Wine lovers need not to travel far to sample the best wines. As a matter of fact, all one has to do is be in New York City and get a fix of the drink. But because wine lovers are as diverse as the wines themselves, finding a place that suits the person is important.
Fortunately, New York has everything for anyone. In an article by Nick Passmore, he guides wine lovers to NY for the best places to be to enjoy wine.
“First Class to Funky Bohemian: 10 Great NYC Wine Bars”
“Wine bars are trendy now, so beware — lots of dowdy bar-and-grills, frat-boy beer joints and third- rate bistros are adding a few commercial wines by the glass and rebranding themselves as the real deal.
To qualify as a bona fide wine bar, the primary focus has to be on the grape: If the predominant bottles are vodka, it’s not a wine bar.
The purveyors should also have a spot of erudition, insight, maybe even passion. For Morrell’s wine director Jean Reilly, the bartenders are all-important: “They should be able to engage and speak knowledgeably about wine in a way that puts the customer at ease.”
Every wine bar serves a cheese and charcuterie plate, but some go to the trouble of seeking out more flavorful, artisanal varieties, and that’s always a good portent for the quality of the wine.
Here are ten of my New York City favorites, serving great — and interesting — wine with flair and expertise.
Dim lights and horseshoe-shaped banquettes impart the feel of a hip cocktail lounge. Though the drinks are impressive, the main business here is wine.
And good food, too — don’t pass on the fine selection of cheeses. And I especially liked the hand-cranked prosciutto slicer.
Recommended: Riesling, Gunther Steinmetz 2010, Mosel, Germany.
At 34 8th Ave. and Jane St. Information: +1-212.518.2722; http://www.anforanyc.com.
A recent expansion transformed Bar Veloce from a claustrophobic tunnel into a large and ultra-modern space.
Have a plate of tramezzini, three-layered finger sandwiches made with Sicilian tuna or eggplant with olive paste.
In case you miss the Italian connection, three vintage Vespas are on display.
Recommended: Barolo Parusso 2007, Piemonte, Italy.
At 175 2nd Avenue, between 11th and 12th Streets. Information: +1-212.260.3200; http://www.barveloce.com.
There is a television, but when I was there, the sound was off, and the ambient music was turned low enough for non- screaming chat.
The three-sided, marble-topped bar and two rectangular communal tables were occupied by good-looking 20-and 30-year-old professionals, perusing the well-thought-out, international wine list.
Feast on Serrano ham, Malpeque oysters, pink-snapper sashimi and polenta baked with Vermont’s pungent Bayley Hazen blue.
Recommended: Arneis Roero, Bruno Giacosa 2007, Piemonte, Italy.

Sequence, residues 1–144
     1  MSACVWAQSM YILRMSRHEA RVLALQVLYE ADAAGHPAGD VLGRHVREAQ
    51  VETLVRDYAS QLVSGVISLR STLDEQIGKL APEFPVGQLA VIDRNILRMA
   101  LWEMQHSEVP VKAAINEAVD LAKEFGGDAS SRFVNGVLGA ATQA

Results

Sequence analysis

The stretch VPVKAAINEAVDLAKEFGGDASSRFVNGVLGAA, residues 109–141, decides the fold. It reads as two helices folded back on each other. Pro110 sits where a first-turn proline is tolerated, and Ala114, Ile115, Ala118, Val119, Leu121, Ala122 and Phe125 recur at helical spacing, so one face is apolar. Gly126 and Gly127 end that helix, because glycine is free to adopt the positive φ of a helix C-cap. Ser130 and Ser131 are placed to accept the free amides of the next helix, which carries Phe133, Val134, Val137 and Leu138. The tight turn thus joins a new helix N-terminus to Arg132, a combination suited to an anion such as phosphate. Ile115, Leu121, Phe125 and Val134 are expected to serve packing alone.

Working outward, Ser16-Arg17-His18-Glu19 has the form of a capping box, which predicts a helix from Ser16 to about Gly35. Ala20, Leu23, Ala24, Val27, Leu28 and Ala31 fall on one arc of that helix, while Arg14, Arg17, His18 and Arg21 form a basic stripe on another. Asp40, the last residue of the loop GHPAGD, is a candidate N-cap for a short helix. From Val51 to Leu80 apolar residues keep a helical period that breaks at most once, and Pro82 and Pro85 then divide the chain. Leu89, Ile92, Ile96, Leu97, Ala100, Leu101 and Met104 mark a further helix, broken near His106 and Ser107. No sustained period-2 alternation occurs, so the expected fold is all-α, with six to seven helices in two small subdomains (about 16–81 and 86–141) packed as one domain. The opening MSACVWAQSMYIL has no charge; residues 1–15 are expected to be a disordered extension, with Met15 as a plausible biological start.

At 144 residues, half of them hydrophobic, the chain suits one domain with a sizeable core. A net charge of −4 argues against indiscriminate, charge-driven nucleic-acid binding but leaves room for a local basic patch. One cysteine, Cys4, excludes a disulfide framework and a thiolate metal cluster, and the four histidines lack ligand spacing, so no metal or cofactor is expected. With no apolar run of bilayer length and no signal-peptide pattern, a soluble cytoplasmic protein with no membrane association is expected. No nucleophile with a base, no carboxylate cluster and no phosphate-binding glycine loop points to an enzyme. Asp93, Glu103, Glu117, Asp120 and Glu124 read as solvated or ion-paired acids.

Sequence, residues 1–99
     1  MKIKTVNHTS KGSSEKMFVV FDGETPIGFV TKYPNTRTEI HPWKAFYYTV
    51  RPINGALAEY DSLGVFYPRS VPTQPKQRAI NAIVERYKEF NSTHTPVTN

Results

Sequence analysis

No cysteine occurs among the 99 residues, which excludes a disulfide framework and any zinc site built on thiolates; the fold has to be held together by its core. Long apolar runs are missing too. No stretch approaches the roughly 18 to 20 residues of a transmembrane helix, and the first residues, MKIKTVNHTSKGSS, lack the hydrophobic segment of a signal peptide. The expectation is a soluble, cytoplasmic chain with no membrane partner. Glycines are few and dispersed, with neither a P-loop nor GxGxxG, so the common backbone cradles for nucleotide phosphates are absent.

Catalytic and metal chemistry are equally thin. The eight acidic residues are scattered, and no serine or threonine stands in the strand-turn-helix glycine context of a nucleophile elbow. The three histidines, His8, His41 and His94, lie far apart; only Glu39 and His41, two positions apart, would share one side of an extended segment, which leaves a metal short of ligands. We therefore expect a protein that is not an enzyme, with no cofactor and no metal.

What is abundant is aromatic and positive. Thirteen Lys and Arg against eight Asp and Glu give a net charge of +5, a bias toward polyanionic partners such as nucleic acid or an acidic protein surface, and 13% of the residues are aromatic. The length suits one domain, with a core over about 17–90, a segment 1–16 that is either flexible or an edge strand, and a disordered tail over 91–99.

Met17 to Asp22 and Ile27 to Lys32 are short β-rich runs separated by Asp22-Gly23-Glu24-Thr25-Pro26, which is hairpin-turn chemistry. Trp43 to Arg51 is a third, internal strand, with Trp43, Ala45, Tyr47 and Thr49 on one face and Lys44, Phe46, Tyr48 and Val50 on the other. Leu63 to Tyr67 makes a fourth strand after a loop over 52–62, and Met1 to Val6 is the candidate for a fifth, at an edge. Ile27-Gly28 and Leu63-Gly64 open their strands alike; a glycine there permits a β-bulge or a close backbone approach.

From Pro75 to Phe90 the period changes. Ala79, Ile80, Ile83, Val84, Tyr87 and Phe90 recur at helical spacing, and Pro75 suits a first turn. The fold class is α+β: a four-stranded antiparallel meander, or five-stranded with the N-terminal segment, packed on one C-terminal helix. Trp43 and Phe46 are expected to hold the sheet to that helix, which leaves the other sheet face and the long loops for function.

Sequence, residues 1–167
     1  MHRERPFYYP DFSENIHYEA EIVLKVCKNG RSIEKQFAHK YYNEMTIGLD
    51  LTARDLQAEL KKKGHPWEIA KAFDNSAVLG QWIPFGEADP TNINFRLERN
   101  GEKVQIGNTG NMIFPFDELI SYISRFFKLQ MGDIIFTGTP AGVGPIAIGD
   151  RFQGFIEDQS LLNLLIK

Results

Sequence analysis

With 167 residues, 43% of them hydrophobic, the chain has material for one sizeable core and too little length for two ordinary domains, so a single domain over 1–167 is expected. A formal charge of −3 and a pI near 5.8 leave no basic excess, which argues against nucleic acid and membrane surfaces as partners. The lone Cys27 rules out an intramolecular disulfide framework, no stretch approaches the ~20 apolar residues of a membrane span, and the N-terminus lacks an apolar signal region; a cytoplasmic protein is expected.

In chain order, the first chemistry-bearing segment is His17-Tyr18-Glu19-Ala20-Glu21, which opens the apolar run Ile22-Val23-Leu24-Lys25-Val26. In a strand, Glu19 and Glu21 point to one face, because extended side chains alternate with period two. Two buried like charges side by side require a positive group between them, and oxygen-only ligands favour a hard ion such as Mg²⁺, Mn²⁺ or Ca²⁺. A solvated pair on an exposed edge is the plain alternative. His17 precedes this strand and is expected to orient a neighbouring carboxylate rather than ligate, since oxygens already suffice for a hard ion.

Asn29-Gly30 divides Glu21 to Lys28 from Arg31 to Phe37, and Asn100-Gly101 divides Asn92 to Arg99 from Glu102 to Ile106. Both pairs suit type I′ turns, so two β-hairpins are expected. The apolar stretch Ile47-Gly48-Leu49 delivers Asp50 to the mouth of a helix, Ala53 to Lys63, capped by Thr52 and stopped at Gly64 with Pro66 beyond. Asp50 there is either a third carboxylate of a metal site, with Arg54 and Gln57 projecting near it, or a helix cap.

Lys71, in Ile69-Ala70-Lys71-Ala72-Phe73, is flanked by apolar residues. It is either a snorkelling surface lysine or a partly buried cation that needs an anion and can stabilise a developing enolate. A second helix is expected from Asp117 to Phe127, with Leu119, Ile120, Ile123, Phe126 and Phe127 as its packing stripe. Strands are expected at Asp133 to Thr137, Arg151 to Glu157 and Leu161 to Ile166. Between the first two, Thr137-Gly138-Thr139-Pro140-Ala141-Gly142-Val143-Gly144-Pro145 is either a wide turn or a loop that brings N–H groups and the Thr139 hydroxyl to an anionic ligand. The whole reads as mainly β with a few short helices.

At 237 Columbus Ave. and 71st St. Information: +1-212-362- 5446; http://bin71.com.
The winning tapas just kept coming at this charming bar: pungent olives, super-fresh grilled calamari, tomato toast, spicy meatballs and Spanish garlic shrimp.
All were washed down with a succession of extremely well- chosen wines, mainly from Spain and South America.
Recommended: Tempranillo Blend, Bodegas Olabarri 2001, Rioja Gran Reserva, Spain.
At 201 West 95th St., near Amsterdam Ave. Information: +1- 212-662-7010; http://www.buceo95.com.
Enoteca I Trulli
With its simple but elegant marble bar and scrubbed-pine tables, this is one of the most unostentatiously attractive wine bars in the city. Plus the garden is now open for the summer.
A wide selection of unusual Italian wines, above-average panini and panzerotti and the relaxed professionalism of its staff create the sense that you’re in an upscale Roman enoteca.
Recommended: Arialdo Sangiovese 2009, Dalle Nostre Mani, Toscana, Italy. The thoughtfully constructed flights are also worth attention.
At 122 E. 27th St. near Lexington Ave. Information: +1-212- 481-7372; http://www.itrulli.com.
There’s a relaxed Bohemian vibe here, imparted by the scuffed wooden bar, exposed brick walls and eclectic, junk-shop collection of sofas, chairs and tables.
The food and wine are predominantly Sardinian: the sformato di zucchini was a revelation and the Tagliere di Terra, a plate of cheese and cold cuts, a meal in itself.
Recommended: Cannonau di Sardegna, Terreforru, Meloni Vini 2007, Italy.
At 200 Mott St. Information: +1-212-966-0904; http://www.epistrophycafe.com.
Kaia Wine Bar
Friendly service, an imaginative list of South African wines — kaia means “hut” in South Africa — and splendid food make up for the concrete floor, unadorned gray walls and metallic bar.
Ever tried Buffel Frikadelle, or bison meatballs with gravy and celery root puree? Inside tip: avoid the Pinotage.
Recommended: Chardonnay Pinot Noir, Haute Cabriere 2010, Franschhoek, South Africa. And, no, that’s not a typo — it really is a Chard/PN blend, and it’s white.
At 1614 3rd Avenue between 90th and 91st Streets. Information: +1-212-722-0490; http://kaiawinebar.com.”
This article came from Businessweek.com.
With this list, wining and dining in New York would certainly be different – especially the wining. People now have a personal map of bars to visit and drink wine depending on the mood and the ambience they fancy.
Wine Lovers of New York
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